May 26, 2017

Mesh Networks Won't Fix Internet Security

There’s no doubt that the quality of tech reporting in major newspapers has improved in recent years. It’s rare these days to see a story in, say, the New York Times whose fundamental technical premise is wrong. Still, it does happen occasionally—as it did yesterday.

Yesterday’s Times ran a story gushing about mesh networks as an antidote to Internet surveillance. There’s only one problem: mesh networks don’t do much to protect you from surveillance. They’re useful, but not for that purpose.

A mesh network is constructed from a bunch of nodes that connect to each other opportunistically and figure out how to forward packets of data among themselves. This is in constrast to the hub-and-spoke model common on most networks.

The big advantage of mesh networks is availability: set up nodes wherever you can, and they’ll find other nearby nodes and self-organize to route data. It’s not always the most efficient way to move data, but it is resilient and can provide working connectivity in difficult places and conditions. This alone makes mesh networks worth pursing.

But what mesh networks don’t do is protect your privacy. As soon as an adversary connects to your network, or your network links up to the Internet, you’re dealing with the same security and privacy problems you would have had with an ordinary connection.

To its credit, the project being hyped in the Times, called Commotion, doesn’t seem to be making inflated security claims. Commotion’s own site says that it “can not hide your identity”, “does not prevent monitoring of internet traffic”, and “does not provide strong security against monitoring over the mesh”.

The Times article follows a pattern common in overhyped security stories: it talks about a security problem, points to an exciting new technology, and offers quotes about how useful it would be to solve the security problem. What it doesn’t do is explain how the exciting new technology actually solves the security problem. And the quotes, unsurprisingly, are not from security experts.

Our government has apparently spent millions on the development of Commotion. That may be justified, given that the availability and resilience of mesh networks do help to foster freedom of expression by making it harder for governments to cut off their citizens from independent information sources.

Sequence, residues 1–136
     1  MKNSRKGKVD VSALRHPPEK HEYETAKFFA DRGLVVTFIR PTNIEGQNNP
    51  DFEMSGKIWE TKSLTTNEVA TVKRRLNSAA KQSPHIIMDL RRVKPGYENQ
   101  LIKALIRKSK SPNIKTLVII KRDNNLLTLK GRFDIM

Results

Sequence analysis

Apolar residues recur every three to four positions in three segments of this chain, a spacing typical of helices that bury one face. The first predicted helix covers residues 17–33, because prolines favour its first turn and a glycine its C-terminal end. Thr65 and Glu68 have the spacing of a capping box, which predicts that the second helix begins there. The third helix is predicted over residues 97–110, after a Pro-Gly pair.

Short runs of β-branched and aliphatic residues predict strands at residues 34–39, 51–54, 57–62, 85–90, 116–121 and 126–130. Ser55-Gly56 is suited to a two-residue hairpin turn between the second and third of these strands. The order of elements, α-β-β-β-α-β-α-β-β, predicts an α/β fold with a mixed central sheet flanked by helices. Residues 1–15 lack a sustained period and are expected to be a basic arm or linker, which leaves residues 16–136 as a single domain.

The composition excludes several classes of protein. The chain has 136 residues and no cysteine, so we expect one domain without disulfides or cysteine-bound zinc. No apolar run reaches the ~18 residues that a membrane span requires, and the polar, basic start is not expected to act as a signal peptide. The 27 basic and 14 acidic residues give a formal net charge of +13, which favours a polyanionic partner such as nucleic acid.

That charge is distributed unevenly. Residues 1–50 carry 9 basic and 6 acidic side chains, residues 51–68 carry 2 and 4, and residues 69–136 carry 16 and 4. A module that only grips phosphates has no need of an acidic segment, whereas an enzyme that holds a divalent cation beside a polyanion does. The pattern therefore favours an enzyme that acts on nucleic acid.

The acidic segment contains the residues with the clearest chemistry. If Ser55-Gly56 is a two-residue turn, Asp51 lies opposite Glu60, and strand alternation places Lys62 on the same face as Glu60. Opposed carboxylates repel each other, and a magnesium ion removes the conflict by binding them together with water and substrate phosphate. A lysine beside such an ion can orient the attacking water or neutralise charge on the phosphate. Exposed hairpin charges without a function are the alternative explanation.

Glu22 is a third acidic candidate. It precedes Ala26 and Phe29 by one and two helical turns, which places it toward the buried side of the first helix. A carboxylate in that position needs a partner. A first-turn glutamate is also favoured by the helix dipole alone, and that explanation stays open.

But if government wants to invest in security for Internet users in challenging places, it would be better off putting the money elsewhere. To give just one example, the money spent on mesh networks could probably have paid for security audits for OpenSSL and other critical components that hundreds of millions of people around the world rely on every day.


  1. Australian says:

    “if government wants to invest in security for Internet users” – uh? I’m still trying to parse that sentence. I do not think that can mean what you appear to be trying to say…

  2. Ben the Pyrate says:

    To be fair, the term “mesh network” tends to get thrown around quite loosely these days and can mean different things in different contexts.

    The mesh technology in Commotion doesn’t do much to protect you from surveillance, however technologies like CJDNS, Tor, and I2P (which are often described as “mesh”, particularly by redditors) do make claims about protecting you from surveillance.

    Theoretically, mesh networking like that found in Commotion could provide you some (weak) protections against surveillance of communication within your local community. Since the infrastructure is distributed and ad-hoc, as opposed to centralized at a single ISP, it may make it somewhat harder or at least more expensive for three letter agencies to monitor all of the communications within the mesh network. However, layer-3 mesh networking protocols are inherently trusting, so they can be weak against bad actors who want to disrupt the network.

    Despite it’s age, mesh networking is still an immature technology for the kinds of use cases people wish to apply it to.